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US/EU Trade Negotiations Must Protect Consumers
WASHINGTON - July 10 - With negotiators from the United States and European Union meeting for the first round of the Transatlantic Trade and Investment Partnership talks this week, U.S. PIRG called on them to resist special interest demands to eliminate important consumer health, safety, and financial protections.
"While this proposed trade agreement may have important economic benefits, special interests are also using it as a pretext to push for the rollback of consumer safety and financial protections that they don't like," said Ed Mierzwinski, Consumer Program Director at U.S. PIRG.
Past trade agreements have often sought the lowest common denominator in consumer protections, rather than the highest. For example, NAFTA resulted in weaker health protections for the U.S., including lower safety standards for foods imported from Canada and Mexico. In the past year alone, the U.S. has suffered outbreaks of foodborne illness due to E. coli-contaminated beef from Canada and salmonella-contaminated papayas from Mexico.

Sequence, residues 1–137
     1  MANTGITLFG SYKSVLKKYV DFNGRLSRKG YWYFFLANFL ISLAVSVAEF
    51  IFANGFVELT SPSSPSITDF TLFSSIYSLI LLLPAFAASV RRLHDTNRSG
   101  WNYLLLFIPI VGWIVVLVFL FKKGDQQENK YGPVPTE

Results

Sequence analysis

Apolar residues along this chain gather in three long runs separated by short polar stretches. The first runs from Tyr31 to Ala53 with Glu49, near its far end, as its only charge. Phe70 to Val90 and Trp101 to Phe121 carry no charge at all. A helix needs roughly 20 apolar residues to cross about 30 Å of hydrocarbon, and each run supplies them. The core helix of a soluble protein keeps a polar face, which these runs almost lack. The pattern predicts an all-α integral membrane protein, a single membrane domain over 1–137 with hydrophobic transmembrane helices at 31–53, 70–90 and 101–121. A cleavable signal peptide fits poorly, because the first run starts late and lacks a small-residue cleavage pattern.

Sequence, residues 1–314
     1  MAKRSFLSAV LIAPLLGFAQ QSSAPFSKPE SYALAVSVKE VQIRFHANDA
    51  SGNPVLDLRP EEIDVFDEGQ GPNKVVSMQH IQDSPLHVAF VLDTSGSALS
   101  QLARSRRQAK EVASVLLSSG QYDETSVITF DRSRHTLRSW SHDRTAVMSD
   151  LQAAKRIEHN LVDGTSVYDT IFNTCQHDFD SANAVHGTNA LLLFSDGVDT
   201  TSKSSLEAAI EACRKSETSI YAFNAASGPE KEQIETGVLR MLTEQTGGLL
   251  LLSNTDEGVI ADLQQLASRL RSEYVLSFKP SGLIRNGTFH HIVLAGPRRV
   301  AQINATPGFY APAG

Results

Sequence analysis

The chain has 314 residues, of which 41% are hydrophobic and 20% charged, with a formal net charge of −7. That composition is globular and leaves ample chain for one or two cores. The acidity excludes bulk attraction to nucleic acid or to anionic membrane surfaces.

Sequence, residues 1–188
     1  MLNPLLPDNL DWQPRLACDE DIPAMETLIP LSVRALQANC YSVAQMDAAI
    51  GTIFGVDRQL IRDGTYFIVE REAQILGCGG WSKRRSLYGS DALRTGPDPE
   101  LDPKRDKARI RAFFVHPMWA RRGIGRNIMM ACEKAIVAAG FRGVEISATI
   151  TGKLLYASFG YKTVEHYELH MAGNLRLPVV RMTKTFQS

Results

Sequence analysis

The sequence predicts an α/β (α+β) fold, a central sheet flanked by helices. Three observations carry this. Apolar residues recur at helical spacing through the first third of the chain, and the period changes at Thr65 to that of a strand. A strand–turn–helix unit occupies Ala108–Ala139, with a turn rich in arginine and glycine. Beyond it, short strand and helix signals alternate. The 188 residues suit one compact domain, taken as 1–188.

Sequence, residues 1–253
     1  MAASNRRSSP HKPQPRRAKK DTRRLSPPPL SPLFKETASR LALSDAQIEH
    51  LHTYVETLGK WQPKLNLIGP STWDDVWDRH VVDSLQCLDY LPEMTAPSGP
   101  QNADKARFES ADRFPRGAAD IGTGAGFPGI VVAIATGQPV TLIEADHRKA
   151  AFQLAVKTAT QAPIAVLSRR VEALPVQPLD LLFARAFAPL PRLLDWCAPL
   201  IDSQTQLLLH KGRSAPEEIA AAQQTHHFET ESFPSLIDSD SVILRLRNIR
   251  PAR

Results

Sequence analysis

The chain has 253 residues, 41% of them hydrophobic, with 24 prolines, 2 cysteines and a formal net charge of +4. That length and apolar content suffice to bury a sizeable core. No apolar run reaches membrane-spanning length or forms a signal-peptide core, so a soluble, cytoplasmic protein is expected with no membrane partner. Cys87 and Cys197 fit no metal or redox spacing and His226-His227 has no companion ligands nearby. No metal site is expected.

The "harmonization" of U.S. and E.U. medical regulations could be particularly dangerous for consumers. The FDA is generally stricter than its European counterpart, so trade-driven changes are likely to weaken American health protections. For instance, Europe's relatively lax regulations for medical devices such as pacemakers and insulin pumps has led to numerous fatalities in Europe, a problem the U.S. has avoided thanks in part to the FDA's oversight of these devices. The Transatlantic trade negotiations could put vital FDA protections like this in jeopardy and patients in harm's way.
"Protecting consumers' interests and well-being must be a primary measure of whether this trade agreement should be adopted. Otherwise we could see more food recalls, unsafe medical devices, and a host of other potential dangers," said Nasima Hossain, Public Health Advocate for U.S. PIRG. "The Obama Administration should act immediately to create a Consumer Advisory Committee to address consumer rights and interests in these negotiations."